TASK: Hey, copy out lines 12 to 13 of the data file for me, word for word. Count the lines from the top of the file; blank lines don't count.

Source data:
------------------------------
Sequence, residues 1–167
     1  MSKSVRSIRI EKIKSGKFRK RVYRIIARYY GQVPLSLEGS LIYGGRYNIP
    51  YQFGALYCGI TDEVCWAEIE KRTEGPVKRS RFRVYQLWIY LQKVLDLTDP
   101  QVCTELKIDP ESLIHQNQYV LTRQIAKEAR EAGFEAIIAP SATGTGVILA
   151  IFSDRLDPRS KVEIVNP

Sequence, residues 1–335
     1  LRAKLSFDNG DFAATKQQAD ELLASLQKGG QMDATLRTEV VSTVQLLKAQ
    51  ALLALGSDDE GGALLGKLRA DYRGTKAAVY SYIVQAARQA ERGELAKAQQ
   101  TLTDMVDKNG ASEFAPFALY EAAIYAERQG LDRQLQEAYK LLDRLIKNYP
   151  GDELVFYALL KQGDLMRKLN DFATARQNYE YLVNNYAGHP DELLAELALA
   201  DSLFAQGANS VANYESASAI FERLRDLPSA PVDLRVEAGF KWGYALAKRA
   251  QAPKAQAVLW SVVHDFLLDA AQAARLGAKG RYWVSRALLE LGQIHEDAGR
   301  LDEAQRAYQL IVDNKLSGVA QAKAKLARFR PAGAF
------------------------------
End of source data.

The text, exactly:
   251  QAPKAQAVLW SVVHDFLLDA AQAARLGAKG RYWVSRALLE LGQIHEDAGR
   301  LDEAQRAYQL IVDNKLSGVA QAKAKLARFR PAGAF